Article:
This past week I attended the Montana History Conference in Bozeman. These conferences are always a wonderful way for fellow historians and museum professionals to gather together to trade ideas, make connections, and understand the rich history of Montana. It helps us to connect our communities to the larger story. This year I was fortunate enough to get the chance to present a talk; “What’s in a Name?: Understanding the “Shoo Fly” Myth.” In this short presentation I was able to discuss the history behind the naming of Cooke City, putting emphasis on our associations with the Cooke Family, and hopefully debunked the legend that we once held the name of “Shoo Fly.” This presentation was audio recorded and when the Historical Society uploads it, I will share a link to the talk with all of you! This weekend has inspired me to push harder in defining our unique history, to find new ways to present this history to the public, and most of all to appreciate the impact this history has had on all of us who find life and play in between the mountains.
- Director, Kelly Hartman
Choteau Acantha, October 3, 1940
Dreams of Jimmy McGinnis Came True the Day He Died
By JACK THOMPSON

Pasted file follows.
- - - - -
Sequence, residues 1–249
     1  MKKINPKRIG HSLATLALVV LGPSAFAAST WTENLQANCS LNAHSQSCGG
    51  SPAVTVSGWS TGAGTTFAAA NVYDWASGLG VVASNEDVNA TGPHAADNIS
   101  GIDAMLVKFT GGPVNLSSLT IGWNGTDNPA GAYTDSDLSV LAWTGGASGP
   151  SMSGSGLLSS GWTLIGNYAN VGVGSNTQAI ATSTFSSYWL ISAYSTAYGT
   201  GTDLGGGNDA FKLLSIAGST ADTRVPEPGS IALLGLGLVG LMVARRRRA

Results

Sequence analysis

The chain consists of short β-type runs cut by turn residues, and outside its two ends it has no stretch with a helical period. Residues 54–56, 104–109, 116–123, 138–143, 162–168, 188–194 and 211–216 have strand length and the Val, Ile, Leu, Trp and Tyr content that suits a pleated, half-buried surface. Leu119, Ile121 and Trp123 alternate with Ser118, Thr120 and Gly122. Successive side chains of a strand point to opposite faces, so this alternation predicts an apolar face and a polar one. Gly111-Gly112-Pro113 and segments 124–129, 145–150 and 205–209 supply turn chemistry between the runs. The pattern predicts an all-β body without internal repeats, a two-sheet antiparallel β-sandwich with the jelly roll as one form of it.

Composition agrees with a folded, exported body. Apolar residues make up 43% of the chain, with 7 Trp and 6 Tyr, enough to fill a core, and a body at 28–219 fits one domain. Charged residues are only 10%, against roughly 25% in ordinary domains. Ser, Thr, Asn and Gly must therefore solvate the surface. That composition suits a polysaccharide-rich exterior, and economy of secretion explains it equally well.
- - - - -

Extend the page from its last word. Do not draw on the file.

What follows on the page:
These words write the story of a Montana prospector, Jimmy McGinnis.
Jimmy followed the rainbow trail of the rich prospect that always was over the hill and, when he at last came upon it, when he took the heavy-wealth-promising ore in his enfeebled hands, when his tired eyes knew that at last he had found that which he had spent his life seeking, his worn body and sick heart at last knew joy. Fate had given him, in the moment before he died, fulfillment of the ambition of his life.
It is our hope that Jimmy McGinnis died happy. At least, he had the knowledge that, after a lifetime of struggling, he had won his victory and somehow, to many prospectors, proving they were right, often means more than finding the gold. Discovery and proof are the things—wealth is incidental.
But, let Dick Strackan of Deer Lodge tell the story.
McGinnis Fine Man
Dick and his brother, Tommy, live together in a small house that overlooks the once-prosperous mining camp of Washoe, Mont. They will tell you exciting tales of gold and oil and fortunes made and lost. Dick and Tommy represent a hardy, carefree class of men; the pioneers of mining who spent their lives in the search for riches, many times found them.
“McGinnis was the finest man ever in the mountains,” Dick continued. “He was a six-footer in his bare feet and an easy man to get along with. His only trouble was that he drank too much whiskey, like myself.”
Dick has reason to remember McGinnis; he was the principal character in one of the most stirring dramas of Dick’s dramatic life.
McGinnis was a prospector. For 30 years he worked on Horseshoe mountain south of Cooke City, searching for gold. Buried somewhere in that mountain was a fortune and McGinnis knew it; but he had never been able to make the strike. He had dug over 1,100 feet of tunnel pockmarked his claim with prospect holes.